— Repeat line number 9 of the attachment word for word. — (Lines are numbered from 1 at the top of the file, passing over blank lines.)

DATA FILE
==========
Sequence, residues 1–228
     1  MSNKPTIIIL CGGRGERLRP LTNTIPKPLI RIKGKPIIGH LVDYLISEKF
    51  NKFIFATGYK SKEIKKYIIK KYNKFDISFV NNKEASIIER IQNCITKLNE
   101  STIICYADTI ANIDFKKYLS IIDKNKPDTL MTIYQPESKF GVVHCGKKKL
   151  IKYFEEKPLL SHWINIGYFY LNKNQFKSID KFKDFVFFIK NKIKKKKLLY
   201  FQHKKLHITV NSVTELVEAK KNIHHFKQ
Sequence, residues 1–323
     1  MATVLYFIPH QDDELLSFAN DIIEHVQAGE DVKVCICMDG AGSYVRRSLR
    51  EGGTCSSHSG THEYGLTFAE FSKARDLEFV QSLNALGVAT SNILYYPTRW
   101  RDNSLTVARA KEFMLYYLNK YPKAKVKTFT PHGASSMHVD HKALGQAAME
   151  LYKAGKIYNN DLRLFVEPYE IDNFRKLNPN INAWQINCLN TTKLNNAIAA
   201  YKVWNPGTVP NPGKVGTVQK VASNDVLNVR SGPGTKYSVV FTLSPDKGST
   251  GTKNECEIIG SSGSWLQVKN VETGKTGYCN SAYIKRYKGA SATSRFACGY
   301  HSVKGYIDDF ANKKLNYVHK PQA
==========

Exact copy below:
    51  EGGTCSSHSG THEYGLTFAE FSKARDLEFV QSLNALGVAT SNILYYPTRW